In November 1970, George Harrison released his astonishing triple album, All Things Must Pass. For a work of such scope, it would seem like a crazy-fast turnaround, considering that The Beatles had only ”officially” broken up in April. But for Harrison, the songs had been in the works during the band’s bitter last years – especially during the recording of The White Album. Harrison had also recorded some early demos during the sessions for what would be Let It Be, including one for “All Things Must Pass” – which, sadly, pretty much got zero attention from his bandmates.
Related: “George Harrison Quits the Beatles”
Now, unfettered by The Fabs, Harrison retreated to his newly-purchased Friar Park estate to start creating a solo album (in fact, it’s long been speculated that the famous cover image of the gnomes surrounding him represented his former band and the liberation from the group).
Producer Phil Spector visited him there in early 1970, impressed by the sheer tonnage of songs Harrison had accumulated, some stretching back to 1966 (“Isn’t It A Pity” is reportedly one dating from that year).
To help him out on his first big solo venture, Harrison tapped his (very) wide network of musician friends, including Eric Clapton, Gary Wright, Jim Gordon, Bobby Keys, Dave Mason, Billy Preston, Peter Frampton, Phil Collins, and members of Badfinger – just to name a very few. There were also rumors that Maurice Gibb of the Bee Gees and Richard Wright of Pink Floyd also appeared on the project. Of course, longtime pals Klaus Voorman and Ringo Starr were also included. The first song recorded was “Wah Wah” in May of 1970.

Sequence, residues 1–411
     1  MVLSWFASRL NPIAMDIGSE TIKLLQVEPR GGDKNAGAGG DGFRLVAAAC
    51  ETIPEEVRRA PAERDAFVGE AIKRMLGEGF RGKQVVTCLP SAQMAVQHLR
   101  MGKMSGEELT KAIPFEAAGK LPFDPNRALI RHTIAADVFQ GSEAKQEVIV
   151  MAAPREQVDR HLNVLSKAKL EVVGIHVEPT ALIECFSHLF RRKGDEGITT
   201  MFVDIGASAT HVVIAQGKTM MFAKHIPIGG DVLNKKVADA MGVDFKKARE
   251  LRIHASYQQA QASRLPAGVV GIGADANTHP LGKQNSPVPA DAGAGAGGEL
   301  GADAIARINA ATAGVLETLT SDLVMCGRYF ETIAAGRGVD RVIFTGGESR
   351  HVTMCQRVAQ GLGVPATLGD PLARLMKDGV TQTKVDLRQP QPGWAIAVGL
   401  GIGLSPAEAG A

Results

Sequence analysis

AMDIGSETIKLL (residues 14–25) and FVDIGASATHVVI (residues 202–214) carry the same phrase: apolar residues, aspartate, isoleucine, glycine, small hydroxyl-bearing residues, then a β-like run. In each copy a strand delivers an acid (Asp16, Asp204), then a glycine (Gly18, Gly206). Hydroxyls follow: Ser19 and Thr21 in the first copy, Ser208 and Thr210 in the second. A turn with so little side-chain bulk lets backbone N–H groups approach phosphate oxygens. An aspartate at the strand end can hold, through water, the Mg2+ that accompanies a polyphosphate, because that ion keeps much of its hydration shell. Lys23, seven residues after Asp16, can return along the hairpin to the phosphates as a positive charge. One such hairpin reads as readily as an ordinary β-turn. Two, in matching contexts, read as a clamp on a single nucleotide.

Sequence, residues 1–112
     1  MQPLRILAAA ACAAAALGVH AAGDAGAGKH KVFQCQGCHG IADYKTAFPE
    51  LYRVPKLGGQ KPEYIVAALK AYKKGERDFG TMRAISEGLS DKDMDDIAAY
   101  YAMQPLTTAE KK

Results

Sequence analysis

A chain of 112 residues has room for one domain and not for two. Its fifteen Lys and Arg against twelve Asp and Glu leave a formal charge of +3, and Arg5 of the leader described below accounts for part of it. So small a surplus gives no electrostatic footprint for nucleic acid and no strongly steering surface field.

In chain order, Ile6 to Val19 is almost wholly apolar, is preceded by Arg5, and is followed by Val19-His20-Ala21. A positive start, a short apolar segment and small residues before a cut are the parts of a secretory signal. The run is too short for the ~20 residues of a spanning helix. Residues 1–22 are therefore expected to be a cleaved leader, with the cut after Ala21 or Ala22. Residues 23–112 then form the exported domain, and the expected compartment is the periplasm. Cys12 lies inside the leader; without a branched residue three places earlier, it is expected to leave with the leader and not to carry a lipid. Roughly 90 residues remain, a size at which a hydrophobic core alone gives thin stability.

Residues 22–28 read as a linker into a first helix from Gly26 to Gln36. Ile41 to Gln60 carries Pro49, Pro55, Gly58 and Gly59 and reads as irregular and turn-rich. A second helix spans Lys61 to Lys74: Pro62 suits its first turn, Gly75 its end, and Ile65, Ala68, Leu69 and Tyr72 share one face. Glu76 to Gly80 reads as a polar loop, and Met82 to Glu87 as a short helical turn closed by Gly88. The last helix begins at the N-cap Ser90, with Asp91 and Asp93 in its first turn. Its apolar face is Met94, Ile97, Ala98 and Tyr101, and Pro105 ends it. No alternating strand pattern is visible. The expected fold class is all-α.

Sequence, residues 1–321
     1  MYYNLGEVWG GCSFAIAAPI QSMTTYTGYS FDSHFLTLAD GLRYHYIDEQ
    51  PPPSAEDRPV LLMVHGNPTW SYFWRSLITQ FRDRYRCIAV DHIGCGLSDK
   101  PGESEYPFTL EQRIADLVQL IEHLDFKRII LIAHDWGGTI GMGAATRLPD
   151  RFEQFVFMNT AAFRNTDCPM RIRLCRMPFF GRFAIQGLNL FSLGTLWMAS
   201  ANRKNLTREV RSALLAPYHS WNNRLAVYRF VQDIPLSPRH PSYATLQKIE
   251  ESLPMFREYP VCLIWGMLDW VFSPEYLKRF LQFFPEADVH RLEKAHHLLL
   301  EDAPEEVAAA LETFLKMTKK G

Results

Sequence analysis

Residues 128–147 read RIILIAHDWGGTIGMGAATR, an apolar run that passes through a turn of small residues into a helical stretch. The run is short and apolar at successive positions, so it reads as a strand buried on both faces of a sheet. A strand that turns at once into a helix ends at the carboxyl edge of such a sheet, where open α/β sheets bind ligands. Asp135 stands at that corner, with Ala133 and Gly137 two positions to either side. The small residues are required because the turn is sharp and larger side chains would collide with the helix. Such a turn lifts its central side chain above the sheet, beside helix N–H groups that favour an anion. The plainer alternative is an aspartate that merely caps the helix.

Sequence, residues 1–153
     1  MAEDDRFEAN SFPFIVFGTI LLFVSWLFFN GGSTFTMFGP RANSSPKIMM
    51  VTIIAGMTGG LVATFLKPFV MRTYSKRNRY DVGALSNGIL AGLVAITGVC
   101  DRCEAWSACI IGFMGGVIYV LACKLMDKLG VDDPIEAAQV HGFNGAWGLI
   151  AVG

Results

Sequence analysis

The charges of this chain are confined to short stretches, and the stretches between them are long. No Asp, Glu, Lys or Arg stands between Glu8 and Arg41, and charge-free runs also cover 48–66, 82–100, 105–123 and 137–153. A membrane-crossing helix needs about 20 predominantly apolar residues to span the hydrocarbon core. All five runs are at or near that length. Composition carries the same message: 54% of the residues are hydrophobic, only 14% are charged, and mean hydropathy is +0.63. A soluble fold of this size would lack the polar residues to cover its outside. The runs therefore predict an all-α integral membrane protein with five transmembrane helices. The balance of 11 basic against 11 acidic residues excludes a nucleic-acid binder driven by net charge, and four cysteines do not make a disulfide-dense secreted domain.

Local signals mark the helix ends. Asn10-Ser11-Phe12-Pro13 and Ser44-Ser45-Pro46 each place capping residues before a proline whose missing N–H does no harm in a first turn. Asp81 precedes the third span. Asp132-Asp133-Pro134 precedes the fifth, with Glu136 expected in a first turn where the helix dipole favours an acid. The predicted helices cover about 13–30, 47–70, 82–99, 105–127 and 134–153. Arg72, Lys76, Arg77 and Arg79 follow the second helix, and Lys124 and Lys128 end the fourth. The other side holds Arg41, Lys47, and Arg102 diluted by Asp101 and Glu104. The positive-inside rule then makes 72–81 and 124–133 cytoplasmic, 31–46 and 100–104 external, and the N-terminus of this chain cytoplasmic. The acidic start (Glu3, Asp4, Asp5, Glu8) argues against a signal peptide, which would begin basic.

The original plan was to get the album done in a tidy eight weeks – but the process slogged on for five long and difficult months. Part of the delay was due to Harrison’s travels to Liverpool to visit his very sick mother, part as a result of Spector’s manic behavior (and his need for copious amounts of cherry brandy to work). Sadly, some delays were due to Clapton’s infatuation with George’s wife Pattie – plus his growing heroin addiction.
Talk about a triple whammy.
Nonetheless, after all the drama, Harrison’s landmark project was finally released on Nov. 27, 1970. The album has since been inducted into the Grammy Hall of Fame, and been included on Rolling Stone’s list of the “500 Greatest Albums of All Time” (although at the woefully-low ranking of #433). The New York Times also included All Things Must Pass on its list of “The 100 Best Albums of All Time.”
A running joke among Beatle fans is that the album title refers to the enormous amount of overlooked material that George had stored up during his time with the Beatles that needed to be released (insert laxative joke here). True or not, the triple-album that Harrison gifted us with in 1970 holds up incredibly well these fifty years on. Whether considered a passion project, some off-gassing of pent-up creativity, whatever you call it – All Things Must Pass remains one of the glorious musical creations of the post-Beatle era, and of the 20th-century rock landscape. Aching, poignant, brilliant — the “quiet Beatle” never spoke quite so eloquently.
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